Celebrating 50 years of the Arctic National Wildlife Refuge
The coastal plain of the Arctic Refuge is the preferred calving ground of the Porcupine caribou herd, and the preferred drilling ground of the oil industry. | Photo by Florian Schulz/Visions of the Wild
This December, we celebrate the improbable survival of the wildest of the wild. Fifty years ago, President Dwight D. Eisenhower established what was then called the Arctic National Wildlife Range to protect the "unique wildlife, wilderness and recreation values" of 8.9 million acres in far northeastern Alaska. In 1980, its size was doubled, and it was renamed the Arctic National Wildlife Refuge. Most was designated wilderness—with the exception of a strip of land north of the Brooks Range that is believed to harbor large deposits of oil.
Congress has fiercely debated whether to allow drilling there ever since. In 1995, President Bill Clinton's veto of a budget bill
that included drilling in the refuge led to a shutdown of the entire federal government. Just this spring, in the wake of the BP oil disaster, Sarah Palin claimed that her "drill, baby, drill" mantra actually referred to "safe onshore places like ANWR."
For the moment, the refuge is safe, and the vast migrations of caribou continue as they have for millennia. Environmental groups and Native people who depend on the caribou are still pushing for wilderness protection for the coastal plain, as well as for "resilient habitat" principles to be incorporated into the refuge's new management plan, now being drafted. "We've worked to protect the refuge for 50 years," says Sierra Club senior regional representative Dan Ritzman. "Now we're looking forward to the next 50 years, or 100 years. Because of climate change, this is one of the most-threatened habitats in the United States."
While the refuge officially celebrates its 50th birthday this year, the area's natural wonders have been championed since the 1920s—by pioneering conservationists Olaus and Margaret Murie, and later by Supreme Court Justice William O. Douglas, who called it "this last American living wilderness." In their footsteps comes author Terry Tempest Williams, who adapted the following essay for Sierra from her book The Open Space of Democracy (Orion Society, 2004). —Paul Rauber
The Open Space of Democracy
by Terry Tempest Williams
Caribou stream over mountain passes near the Hulahula River to the plains beyond. | Photo by Florian Schulz/Visions of the Wild
The Arctic is balancing on an immense mirror. The water table is visible. Pools of light gather: lakes, ponds, wetlands. The tundra is shimmering. One squints perpetually.
Drinking from the river—I am drinking from the river—this tincture of glaciers, this press of ice warmed by the sun. If water can pool in one's heart, then my heart is full. My arid heart has been waiting for decades, maybe three, for the return of this childhood pleasure of drinking directly from the source.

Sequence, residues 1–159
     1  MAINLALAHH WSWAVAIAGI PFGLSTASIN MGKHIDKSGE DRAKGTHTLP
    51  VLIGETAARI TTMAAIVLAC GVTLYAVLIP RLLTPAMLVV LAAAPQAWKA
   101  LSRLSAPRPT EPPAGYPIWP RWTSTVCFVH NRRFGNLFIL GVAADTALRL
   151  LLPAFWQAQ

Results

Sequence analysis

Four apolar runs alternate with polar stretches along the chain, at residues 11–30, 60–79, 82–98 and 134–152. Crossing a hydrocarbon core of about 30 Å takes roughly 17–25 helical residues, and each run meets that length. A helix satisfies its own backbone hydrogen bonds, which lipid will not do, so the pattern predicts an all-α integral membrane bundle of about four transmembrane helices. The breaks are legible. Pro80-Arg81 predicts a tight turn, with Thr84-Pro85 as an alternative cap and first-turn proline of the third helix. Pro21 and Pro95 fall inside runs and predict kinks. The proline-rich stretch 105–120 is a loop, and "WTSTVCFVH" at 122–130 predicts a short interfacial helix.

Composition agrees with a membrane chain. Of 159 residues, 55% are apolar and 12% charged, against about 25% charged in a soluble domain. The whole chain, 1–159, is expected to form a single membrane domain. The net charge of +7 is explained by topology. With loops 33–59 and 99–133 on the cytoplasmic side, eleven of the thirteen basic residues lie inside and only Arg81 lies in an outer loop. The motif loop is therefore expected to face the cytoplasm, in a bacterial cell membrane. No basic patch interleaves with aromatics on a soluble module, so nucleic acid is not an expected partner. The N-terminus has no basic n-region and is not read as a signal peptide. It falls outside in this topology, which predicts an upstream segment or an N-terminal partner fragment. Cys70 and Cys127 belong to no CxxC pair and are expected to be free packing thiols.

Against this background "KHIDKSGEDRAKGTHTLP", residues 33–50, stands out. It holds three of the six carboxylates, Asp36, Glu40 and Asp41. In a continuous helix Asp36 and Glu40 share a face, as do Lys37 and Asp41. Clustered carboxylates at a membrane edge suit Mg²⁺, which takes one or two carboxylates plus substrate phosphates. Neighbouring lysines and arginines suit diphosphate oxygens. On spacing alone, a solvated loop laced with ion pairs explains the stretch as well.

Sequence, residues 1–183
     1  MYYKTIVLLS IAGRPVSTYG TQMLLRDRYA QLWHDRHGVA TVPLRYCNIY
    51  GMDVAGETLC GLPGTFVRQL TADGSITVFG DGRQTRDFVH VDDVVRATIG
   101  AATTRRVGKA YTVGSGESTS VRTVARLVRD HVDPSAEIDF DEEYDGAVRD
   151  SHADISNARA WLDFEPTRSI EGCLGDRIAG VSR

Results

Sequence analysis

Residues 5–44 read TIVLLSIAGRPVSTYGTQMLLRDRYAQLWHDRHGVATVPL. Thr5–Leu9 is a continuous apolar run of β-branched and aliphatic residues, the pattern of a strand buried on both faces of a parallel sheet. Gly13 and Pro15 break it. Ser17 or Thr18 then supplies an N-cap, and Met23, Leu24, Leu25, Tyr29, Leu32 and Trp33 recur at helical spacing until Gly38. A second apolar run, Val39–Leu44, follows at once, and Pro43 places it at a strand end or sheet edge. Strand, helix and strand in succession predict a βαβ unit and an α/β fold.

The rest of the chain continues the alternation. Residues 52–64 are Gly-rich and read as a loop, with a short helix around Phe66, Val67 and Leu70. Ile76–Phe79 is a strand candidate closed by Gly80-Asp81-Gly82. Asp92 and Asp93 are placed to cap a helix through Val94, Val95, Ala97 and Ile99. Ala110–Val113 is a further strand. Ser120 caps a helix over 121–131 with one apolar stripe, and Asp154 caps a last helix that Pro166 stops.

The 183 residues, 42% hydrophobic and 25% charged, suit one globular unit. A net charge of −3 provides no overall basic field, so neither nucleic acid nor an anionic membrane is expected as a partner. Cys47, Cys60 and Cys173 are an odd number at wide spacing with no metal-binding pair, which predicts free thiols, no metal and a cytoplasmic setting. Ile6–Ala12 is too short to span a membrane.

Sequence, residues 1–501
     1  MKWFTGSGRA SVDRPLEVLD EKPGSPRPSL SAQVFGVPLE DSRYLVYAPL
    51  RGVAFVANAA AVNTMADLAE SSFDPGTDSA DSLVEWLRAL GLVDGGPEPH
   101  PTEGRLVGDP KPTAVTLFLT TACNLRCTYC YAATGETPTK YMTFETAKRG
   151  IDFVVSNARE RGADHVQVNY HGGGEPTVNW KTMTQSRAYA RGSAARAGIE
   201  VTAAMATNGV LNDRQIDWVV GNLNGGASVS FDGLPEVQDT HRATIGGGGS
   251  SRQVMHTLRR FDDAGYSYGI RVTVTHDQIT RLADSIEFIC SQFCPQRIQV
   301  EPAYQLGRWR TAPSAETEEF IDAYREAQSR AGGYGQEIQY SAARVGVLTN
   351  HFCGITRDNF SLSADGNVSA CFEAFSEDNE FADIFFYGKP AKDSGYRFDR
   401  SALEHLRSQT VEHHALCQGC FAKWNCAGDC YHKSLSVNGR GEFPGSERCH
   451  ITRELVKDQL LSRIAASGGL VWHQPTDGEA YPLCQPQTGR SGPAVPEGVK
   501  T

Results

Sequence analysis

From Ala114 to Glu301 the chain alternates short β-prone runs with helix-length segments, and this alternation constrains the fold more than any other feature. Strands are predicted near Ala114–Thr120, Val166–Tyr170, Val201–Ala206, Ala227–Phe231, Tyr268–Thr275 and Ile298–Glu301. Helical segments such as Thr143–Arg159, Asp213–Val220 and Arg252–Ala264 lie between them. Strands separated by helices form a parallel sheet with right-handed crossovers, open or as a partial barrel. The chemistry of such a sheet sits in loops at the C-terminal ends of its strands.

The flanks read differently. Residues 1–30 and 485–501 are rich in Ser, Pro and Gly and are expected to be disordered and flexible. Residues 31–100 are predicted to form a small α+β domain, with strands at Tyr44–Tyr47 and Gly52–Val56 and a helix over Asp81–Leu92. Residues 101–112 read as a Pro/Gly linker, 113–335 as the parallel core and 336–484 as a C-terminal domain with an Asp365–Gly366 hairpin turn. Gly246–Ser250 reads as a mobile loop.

Drinking from the river. We all are. Ten pilgrims unaided. No iodine. No fancy filters or pumps, just the sweet dip of our cups from river to mouth, as much as we want, whenever we want. Our deep unmeasured thirsts are quelled.
When my father asks me what it was like to visit the Arctic National Wildlife Refuge, I will simply say, "We drank from the river."
Deep dreams. We awake to the distress cries of a lesser yellowlegs. For two hours, this bird is relentless. I finally resort to counting: ninety cries per minute. Brooke and I get up to see if we are camped by her nest but find nothing.
We walk the tundra behind us, up its terraces and steppes. We find bear tracks, caribou tracks, and a family of northern shrikes. We are bathed in light, endless light, sometimes volatile, ever changing. We watch weather as one watches fire.
I think of the Arctic National Wildlife Refuge as a place where the ongoing natural processes of life can continue without interference. Our evolutionary past and our future are secure here. This is the place where the press of humanity can be lifted in the name of restraint and where our species' magnanimous nature can be practiced. The Arctic becomes a breathing space. In the company of wild nature, we experience our own humble core of dependency on the land.
This is the open space of democracy. Raw, wild beauty is a deeply held American value. It is its own declaration of independence. Equality is experienced through humility. Liberty is expressed through the simple act of wandering.
I thought I saw a musk ox across the river. It was an empty oil drum.
3 a.m. Divine light. I am called out of my tent by the sun. I walk north blinded by its radiance. On top of the ridge, I see two of my fellow travelers. I wave. They wave back. One raises his arms above his head with bent elbows. I understand. Caribou.
My binoculars scan the landscape for several minutes. Heads, antlers, backs, tails, hooves, one caribou merges with another. Calves are jumping next to their mothers. It is an endless stream of animals walking across the tundra. Without my field glasses they register as a heat wave. I cannot take my eyes off of them.
One by one, members of our party rise from their tents. They rise to a rainbow and another. A double rainbow is arching over the plains in Arctic light, and we watch, as human beings have always watched, the great herds in motion.
Terry Tempest Williams is an author, a naturalist, and an environmental activist. Her most recent book is Finding Beauty in a Broken World (Vintage Books, 2009).
This article was funded by the Sierra Club's Resilient Habitats program.